Despite McBride’s remark about the relative value of Tae Kwon Do, co-star and fellow NCSA alum Ben Best emphasized that they weren’t so much making fun of the martial art as they were the character of Fred Simmons, a man who imagines himself to be something of a big fish without acknowledging the small pond in which he swims. Best plays bigger fish Chuck “The Truck” Wallace, a low-grade, Chuck Norris-like movie star who is the object of a hasty pilgrimage organized by Simmons and his black belt friend Mike McAllister.

McAllister is played by Foot Fist producer co-writer and director Jody Hill who is himself a Tae Kwon Do black belt. Hill’s experiences formed the root of the inspiration for the film and it was a natural subject to draw from in 2005 when he approached McBride and Best about making a film with him. He’d managed to save $30,000 of his own money and essentially paid for the rest of the micro-budgeted effort with assorted credit cards. The film was shot in 16mm over 19 days on location in North Carolina.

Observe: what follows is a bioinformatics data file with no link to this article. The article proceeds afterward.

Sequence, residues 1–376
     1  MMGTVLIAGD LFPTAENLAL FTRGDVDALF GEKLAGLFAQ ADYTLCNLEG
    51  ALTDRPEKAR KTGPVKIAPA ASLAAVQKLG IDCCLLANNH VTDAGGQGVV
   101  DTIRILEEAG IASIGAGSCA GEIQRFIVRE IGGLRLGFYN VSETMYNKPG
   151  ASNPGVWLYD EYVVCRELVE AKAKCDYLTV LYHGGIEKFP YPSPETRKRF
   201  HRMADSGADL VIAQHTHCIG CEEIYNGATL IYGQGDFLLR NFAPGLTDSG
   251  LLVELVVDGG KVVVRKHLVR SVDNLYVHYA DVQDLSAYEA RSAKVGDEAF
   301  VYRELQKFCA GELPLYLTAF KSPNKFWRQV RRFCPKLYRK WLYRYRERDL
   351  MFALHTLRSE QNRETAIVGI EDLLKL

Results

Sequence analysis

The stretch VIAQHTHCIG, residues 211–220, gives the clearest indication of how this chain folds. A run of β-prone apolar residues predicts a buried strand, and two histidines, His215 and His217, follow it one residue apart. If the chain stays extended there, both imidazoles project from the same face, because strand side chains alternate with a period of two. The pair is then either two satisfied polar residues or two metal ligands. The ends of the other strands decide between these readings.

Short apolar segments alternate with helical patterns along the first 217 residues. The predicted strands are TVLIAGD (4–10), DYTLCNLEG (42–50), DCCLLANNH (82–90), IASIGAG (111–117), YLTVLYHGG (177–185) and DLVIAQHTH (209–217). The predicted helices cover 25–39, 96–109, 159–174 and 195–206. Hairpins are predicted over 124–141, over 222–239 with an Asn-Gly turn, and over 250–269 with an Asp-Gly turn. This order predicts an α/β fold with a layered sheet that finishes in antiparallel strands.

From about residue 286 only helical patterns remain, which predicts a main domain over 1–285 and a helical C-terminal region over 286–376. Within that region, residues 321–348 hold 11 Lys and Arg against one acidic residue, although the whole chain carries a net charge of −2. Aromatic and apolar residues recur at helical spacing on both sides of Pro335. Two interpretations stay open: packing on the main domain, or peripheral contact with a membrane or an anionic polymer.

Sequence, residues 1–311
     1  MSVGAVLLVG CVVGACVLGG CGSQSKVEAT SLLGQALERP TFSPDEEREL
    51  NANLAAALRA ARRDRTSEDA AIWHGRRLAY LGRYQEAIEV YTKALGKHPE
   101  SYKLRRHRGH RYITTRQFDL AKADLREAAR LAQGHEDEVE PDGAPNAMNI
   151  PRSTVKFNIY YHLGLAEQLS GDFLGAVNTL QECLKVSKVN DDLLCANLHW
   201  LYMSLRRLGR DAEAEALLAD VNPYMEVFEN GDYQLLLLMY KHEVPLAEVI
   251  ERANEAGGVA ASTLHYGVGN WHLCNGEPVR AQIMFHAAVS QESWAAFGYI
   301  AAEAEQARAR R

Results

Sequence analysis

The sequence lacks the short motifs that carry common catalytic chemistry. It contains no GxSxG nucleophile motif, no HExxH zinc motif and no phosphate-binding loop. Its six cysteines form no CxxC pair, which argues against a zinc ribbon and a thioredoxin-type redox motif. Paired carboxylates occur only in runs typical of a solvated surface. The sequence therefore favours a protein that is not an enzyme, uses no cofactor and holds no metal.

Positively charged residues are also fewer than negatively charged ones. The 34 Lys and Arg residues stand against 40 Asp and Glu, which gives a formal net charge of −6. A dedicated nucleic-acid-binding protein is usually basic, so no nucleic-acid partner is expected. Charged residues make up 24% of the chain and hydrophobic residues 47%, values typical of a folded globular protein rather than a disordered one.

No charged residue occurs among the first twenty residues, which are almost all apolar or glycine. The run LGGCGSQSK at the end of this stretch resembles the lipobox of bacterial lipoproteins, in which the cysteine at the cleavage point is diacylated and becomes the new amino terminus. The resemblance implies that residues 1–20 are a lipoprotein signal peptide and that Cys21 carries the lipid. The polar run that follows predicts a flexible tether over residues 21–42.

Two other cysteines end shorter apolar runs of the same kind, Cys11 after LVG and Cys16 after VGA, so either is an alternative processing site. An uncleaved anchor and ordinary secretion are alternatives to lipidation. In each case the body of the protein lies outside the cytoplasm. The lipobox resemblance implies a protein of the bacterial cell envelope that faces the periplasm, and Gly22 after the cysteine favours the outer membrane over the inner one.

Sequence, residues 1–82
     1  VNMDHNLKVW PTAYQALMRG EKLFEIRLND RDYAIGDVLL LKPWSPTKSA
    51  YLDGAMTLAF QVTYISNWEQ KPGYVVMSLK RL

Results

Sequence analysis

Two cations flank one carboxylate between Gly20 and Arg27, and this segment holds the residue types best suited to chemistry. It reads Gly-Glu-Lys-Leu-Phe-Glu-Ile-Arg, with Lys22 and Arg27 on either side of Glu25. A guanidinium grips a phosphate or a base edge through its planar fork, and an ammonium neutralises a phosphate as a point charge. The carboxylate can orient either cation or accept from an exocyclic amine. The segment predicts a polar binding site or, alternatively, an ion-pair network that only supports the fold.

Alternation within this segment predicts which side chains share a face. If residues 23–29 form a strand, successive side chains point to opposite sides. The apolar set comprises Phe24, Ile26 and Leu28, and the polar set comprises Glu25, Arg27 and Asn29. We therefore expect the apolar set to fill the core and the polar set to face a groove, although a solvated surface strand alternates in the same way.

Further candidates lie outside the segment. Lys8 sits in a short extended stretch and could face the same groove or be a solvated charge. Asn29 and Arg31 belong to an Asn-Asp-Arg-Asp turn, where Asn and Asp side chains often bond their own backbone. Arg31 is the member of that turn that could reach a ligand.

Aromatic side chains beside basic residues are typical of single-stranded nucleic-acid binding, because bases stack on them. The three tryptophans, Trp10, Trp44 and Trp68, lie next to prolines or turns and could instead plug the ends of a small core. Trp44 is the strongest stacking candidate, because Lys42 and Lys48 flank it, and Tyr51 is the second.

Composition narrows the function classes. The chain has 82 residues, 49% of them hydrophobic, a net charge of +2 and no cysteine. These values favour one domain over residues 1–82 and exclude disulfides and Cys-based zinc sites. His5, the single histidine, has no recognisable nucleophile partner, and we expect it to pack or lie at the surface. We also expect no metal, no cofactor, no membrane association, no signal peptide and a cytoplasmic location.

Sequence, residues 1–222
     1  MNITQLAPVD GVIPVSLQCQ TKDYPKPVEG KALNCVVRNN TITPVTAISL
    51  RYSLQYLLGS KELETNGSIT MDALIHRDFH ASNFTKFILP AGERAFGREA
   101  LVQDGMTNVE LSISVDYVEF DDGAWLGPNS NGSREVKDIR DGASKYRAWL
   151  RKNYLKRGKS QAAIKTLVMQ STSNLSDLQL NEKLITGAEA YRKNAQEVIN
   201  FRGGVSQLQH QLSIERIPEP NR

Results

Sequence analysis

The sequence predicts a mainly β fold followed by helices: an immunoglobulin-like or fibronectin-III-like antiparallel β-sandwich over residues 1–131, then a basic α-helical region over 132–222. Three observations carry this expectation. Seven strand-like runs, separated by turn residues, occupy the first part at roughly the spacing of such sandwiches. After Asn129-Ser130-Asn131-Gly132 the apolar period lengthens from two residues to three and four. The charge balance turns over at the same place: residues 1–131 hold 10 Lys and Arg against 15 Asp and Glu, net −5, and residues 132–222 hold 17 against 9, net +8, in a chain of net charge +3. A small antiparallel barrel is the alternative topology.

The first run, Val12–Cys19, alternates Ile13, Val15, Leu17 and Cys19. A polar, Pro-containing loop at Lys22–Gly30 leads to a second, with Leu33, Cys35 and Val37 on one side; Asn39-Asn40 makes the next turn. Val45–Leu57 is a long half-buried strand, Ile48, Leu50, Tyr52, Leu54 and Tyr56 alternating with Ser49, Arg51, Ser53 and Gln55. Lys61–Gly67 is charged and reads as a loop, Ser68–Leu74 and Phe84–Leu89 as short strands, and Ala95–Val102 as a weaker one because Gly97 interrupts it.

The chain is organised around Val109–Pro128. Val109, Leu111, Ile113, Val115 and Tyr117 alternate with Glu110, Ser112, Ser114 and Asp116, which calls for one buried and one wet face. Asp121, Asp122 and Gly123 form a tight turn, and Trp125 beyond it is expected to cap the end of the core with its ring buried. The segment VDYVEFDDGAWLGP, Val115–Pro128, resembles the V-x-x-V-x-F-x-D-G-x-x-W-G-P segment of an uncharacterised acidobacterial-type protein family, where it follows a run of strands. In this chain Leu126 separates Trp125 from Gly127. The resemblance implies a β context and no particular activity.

Though Hill, Best and McBride are largely unknowns, McBride did have a role in art school classmate David Gordon Green’s sophomore writing/directing effort All the Real Girls. Later this summer, he’ll appear in Seth Rogen’s Pineapple Express (also directed by Green) and Ben Stiller’s Tropic Thunder. Next year he’ll appear alongside Will Ferrell in the adventure/comedy Land of the Lost.